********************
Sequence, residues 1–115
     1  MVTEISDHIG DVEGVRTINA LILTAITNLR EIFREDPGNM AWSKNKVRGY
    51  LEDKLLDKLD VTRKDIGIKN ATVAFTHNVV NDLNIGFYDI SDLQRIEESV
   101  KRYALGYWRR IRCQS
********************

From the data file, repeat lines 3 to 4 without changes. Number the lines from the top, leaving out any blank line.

    51  LEDKLLDKLD VTRKDIGIKN ATVAFTHNVV NDLNIGFYDI SDLQRIEESV
   101  KRYALGYWRR IRCQS